For providers, dealing with these reviews has become part of doing business with health plans. However, the amount of operational planning and time required to keep up with all the various requests can be monumental. Each provider site is configured differently in terms of medical record systems and IT security. Many providers outsource the chart retrieval (also called release of information—ROI) function to relieve the burden.

Gathering data in the trenches

Information to fulfill the health plan request may come from PCPs, acute-care hospitals, extended and rehabilitation facilities—wherever the health plan determines that the chart holds the most value. Also, caregivers provide medical records to health plans in a variety of ways. These include, but are not limited to: remote access, portals, secure FTP, CDs, mail, flash drives, emails, scans, and the old-fashioned standard—printed paper. While paper is dwindling, some still exists.

The majority of Medicare Advantage and ACA reviews are at the provider level. Sometimes thousands of records are involved. This can be a huge burden on physicians. Most health plan reviewers are interested in documents describing face-to-face interactions between clinician and member, such as progress notes and encounter notes based on specific dates of service.

For health plans and chart retrieval companies, the goal is always to obtain the necessary information with a minimal amount of provider abrasion. Two specific technology capabilities help smooth the process.

Electronic documentation embedded within the provider’s EMR

Various EMR systems and provider sites capture patient encounter notes differently. Some locations might not capture or maintain the encounter and progress information that is needed in an easy-to-retrieve electronic format.

Remote connectivity to retrieve information

Remote connectivity allows real-time access for the data needed by the health plan or chart retrieval service, mitigating the need for labor-intensive processes and onsite technicians.

An experienced chart retrieval service, like CIOX Health, satisfies the information demands of health plans while also reducing operational workload for providers. They’re responsible for securely linking both sides of the health plan review equation.

Experience eases chart retrieval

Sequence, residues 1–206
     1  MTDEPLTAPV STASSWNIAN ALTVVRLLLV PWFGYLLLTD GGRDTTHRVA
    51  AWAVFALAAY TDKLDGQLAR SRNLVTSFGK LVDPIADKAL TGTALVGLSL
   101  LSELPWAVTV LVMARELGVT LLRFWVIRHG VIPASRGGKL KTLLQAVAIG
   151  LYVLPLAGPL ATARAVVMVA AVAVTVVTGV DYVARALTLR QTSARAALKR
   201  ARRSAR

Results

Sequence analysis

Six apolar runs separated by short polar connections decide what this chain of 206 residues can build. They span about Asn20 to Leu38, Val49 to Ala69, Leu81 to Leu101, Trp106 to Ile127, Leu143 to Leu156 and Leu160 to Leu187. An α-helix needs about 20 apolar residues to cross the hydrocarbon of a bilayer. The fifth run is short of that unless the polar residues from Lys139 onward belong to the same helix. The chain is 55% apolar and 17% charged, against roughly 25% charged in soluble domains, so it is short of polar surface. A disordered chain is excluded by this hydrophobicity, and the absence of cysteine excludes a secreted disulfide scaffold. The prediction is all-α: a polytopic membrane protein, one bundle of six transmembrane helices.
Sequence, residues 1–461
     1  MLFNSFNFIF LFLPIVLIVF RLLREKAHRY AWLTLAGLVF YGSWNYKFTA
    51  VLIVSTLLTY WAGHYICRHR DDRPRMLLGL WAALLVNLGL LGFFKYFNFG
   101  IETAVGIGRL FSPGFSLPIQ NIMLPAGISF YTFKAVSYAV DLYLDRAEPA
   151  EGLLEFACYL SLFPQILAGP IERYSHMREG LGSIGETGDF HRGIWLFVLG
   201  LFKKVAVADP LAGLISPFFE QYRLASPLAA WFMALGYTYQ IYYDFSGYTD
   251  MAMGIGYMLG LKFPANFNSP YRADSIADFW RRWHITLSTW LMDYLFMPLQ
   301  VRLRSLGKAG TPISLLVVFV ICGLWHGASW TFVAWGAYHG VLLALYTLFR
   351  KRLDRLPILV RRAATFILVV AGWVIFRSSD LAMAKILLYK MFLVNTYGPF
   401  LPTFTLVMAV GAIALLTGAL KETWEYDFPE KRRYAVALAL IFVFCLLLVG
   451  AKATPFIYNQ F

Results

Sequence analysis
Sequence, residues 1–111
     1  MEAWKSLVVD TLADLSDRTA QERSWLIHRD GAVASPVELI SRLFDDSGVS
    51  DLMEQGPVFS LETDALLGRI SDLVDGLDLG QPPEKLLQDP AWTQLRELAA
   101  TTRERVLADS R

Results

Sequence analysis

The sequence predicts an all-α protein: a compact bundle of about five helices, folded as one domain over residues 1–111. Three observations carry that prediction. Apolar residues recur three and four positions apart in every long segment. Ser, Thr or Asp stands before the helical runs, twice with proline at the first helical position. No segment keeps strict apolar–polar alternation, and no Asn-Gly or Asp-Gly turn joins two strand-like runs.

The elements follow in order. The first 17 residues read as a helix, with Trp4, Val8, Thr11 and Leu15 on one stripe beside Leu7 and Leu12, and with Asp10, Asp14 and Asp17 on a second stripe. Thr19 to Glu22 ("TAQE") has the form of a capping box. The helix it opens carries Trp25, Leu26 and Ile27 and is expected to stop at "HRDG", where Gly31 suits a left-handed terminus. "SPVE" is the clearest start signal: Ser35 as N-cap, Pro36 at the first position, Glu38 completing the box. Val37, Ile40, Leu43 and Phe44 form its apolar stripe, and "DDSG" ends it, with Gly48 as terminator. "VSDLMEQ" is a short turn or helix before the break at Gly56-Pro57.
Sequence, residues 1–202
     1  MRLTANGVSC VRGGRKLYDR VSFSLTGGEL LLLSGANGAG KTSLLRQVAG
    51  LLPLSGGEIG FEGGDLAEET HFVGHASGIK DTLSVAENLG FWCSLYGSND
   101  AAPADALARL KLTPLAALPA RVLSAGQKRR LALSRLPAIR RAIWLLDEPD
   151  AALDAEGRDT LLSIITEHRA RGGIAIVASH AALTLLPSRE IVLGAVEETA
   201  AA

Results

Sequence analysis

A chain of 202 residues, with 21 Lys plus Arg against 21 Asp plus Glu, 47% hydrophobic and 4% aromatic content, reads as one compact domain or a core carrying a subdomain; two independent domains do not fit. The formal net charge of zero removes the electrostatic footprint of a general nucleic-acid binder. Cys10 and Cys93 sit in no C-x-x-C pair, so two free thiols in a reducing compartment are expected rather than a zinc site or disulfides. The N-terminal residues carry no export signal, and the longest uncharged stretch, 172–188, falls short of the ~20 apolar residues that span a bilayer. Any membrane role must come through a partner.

A chart retrieval service that repeatedly contracts with a specific health plan for reviews gains a year-over-year advantage. They’ve already connected to all the various provider systems and obtained security clearance. Every year they spend in the trenches, they learn and gain experiential data—giving them a head start for next year’s audit season.

Providers want to be fully compliant with health plan requests. They want to honor the request as quickly and efficiently as possible. Provider preference is to work with one chart retrieval service versus multiple ones over several health plans.

A single service can also field calls and inquiries from all the various health plans. Health plans want records to meet their review requirements, and they can be aggressive if records are past due. An experienced chart retrieval service helps both stakeholders move efficiently through the process—including remote connectivity—to meet health plan deadlines.

Finally, a centralized health information management (HIM) department is another way to ease the burden for providers. With centralization, all records and requests are aggregated. While centralized HIM is common practice in hospitals and health systems, it is not always feasible for physician practices and medical groups.

Cooperative steps must be taken to support health plan reviews while also reducing provider abrasion and operational costs. By working together, both plans and providers remain satisfied and smooth the process for everyone involved.

About Craig Mercure
Craig oversees all aspects of business development, including strategic planning, sales, client services, marketing, product development, finance and communications. He also leads the infrastructure development of the company as it grows, which includes: systems, processes, pipeline management, trade support, marketing, facilities, personnel recruitment and development. Over the past 15 years, Craig has worked in executive leadership positions within the electronic medical record and medical documentation industry.